Things to note if you do your postgraduate work in another country
  • Visa regulations
  • How many hours you can work and whether this can be pro-rated (extra hours at some times, so long as the maximum total number of hours isn’t exceeded).
  • Presence/absence of international student support office.
  • Prepare at least $4000 USD as "startup fees" before you apply to a graduate program. This is to cover application fees, one-way airfare, rent deposit, furniture costs, book costs, and those few months before you get paid for your TAship if any.
  • No pay over summer.
    • This depends on the program: mine pays a small amount in the summer, but it's not equivalent to what you get paid during the year so you have to add up your total income and divide it over 12 months as the basis for your budget.
    • In addition, if your assistantship includes health insurance in the US, be aware that you might have to pay out of pocket for health insurance during summer months.
  • In my program, the school year started in late September, but Teaching Asssistants got paid once a month, so there was no pay until Nov. 1. It was awful. Learn when the pay schedule is ahead of time.
    • Some programs prohibit you from holding another job while working on a Teaching Assistant. Find out if that’s a hard rule or if they’ll look the other way.
    • Funding from home: you might be able to secure external funding from your home country.
  • Before you apply to graduate programs, enquire with US graduate colleges AND departments one by one about their TOEFL and language testing requirements. Note: a graduate college may require the TOEFL and/or language testing while the department may waive it. This can be contradictory. Also check with the office of international students if possible. Even more confusingly, these requirements or waivers can vary depending on what country you are from, or what the staff individually perceive your “native language” to me. I am from a Commonwealth country (former UK colony) and am East Asian by blood and appearance with a “difficult sounding” name, so I had a hard time convincing people that yes, my country’s education system IS English-based.
    • Factor in the costs of the TOEFL and language testing.
    • Language testing may be carried out privately by your US university separately from the TOEFL altogether. And you may have to pay for this language test. One example of a language test is called the SPEAK test. The SPEAK test used to be conducted by Educational Testing Services (which now conducts the GRE) but it was discontinued by ETS over 10 years ago. It is still privately used by certain university departments.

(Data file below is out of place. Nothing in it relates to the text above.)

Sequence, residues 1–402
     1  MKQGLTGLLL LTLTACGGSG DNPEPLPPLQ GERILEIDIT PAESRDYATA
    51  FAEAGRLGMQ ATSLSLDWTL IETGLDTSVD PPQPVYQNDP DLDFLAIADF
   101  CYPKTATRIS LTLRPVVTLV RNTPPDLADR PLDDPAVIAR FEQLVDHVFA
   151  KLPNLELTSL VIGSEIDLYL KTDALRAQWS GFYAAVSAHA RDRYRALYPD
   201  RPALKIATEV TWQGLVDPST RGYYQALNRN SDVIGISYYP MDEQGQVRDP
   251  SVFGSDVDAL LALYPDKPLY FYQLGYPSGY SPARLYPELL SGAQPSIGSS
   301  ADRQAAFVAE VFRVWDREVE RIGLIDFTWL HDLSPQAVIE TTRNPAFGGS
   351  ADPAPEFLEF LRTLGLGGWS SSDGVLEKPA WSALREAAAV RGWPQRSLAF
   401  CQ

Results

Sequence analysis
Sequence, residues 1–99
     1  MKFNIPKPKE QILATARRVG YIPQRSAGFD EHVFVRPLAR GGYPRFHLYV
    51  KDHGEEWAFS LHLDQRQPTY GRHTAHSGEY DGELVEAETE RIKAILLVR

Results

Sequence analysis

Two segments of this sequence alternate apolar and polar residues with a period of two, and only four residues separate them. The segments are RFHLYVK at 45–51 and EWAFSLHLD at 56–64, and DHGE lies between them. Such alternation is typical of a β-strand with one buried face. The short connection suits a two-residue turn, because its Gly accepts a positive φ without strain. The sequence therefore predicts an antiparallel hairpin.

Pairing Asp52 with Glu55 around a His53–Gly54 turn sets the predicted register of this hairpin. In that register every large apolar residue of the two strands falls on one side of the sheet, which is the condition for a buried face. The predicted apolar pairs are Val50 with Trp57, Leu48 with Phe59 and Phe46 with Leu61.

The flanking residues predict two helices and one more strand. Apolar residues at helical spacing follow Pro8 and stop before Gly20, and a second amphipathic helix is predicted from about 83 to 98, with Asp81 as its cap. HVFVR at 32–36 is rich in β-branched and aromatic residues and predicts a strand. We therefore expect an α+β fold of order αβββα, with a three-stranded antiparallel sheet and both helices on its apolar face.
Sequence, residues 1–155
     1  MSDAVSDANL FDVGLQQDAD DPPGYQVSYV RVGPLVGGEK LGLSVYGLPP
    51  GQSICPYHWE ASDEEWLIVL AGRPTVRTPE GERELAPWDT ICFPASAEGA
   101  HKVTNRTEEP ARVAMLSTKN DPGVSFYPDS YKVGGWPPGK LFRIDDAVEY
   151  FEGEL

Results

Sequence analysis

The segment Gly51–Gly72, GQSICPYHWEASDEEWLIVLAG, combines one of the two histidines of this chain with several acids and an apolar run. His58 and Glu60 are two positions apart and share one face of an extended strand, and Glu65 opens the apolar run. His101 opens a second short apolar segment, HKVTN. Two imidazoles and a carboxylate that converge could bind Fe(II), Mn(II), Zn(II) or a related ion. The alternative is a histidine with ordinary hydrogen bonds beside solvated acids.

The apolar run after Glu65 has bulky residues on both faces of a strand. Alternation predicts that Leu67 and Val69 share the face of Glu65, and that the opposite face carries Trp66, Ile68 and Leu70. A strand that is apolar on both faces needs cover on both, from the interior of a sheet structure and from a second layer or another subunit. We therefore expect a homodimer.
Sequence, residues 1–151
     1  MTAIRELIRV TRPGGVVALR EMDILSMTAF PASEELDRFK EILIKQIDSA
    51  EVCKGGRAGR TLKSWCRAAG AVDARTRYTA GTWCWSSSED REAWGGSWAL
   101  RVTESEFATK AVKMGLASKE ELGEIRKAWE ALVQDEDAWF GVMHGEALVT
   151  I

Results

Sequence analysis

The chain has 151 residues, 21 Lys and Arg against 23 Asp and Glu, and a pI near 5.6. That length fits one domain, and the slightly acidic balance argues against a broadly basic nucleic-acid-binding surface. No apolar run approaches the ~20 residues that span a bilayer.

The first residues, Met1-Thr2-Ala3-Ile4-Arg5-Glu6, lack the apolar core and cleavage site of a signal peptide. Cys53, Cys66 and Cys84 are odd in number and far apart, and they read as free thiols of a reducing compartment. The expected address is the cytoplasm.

• Language testing may be conducted not by your university’s graduate college or your MA/PhD program but by your university’s foreign languages department or ESL department. They may or may not have the power to give you a waiver.
  • If your degree scroll from your most recent degree is issued in a non-English language, you may have to pay for certification/translation services out of your own pocket. Northern Michigan University is an example of a university which wants you to pay this fee yourself. Factor this cost in.
  • Learn a bit about US culture, and undergrad and graduate student culture as soon as you can. There are a lot of subtleties.
  • I speak English fluently and (not but!) I have an accent. When I was teaching as a graduate teaching assistant, I found that they key to communicating well with my students was to write down the main points of everything I said on the board before class. If I was going to cover 3 things in class, I would write them down as bullet points on the board. I would also write down what homework was due on the board. After class, I would send post-class emails to the whole class detailing what homework was due and clarifying any questions students may have had. Students really appreciated these reminders. Also, it helps you cover your ass (back yourself up) and creates a record in case students claim “I didn’t know that piece of homework was due” or in case you receive any complaints that your teaching supervisor investigates. If students claim not to understand your accent, they cannot claim not to be able to read English.
  • Another important way to improve your teaching is to be relaxed and happy in class. The kids feed off your energy. Crack a joke, even if it’s a bad joke or a self-deprecating joke, and make them laugh. It’s hard not to get along with someone who makes you laugh. This actually helped my teaching evaluations...
  • Talk to fellow GTAs in your department and share teaching tips.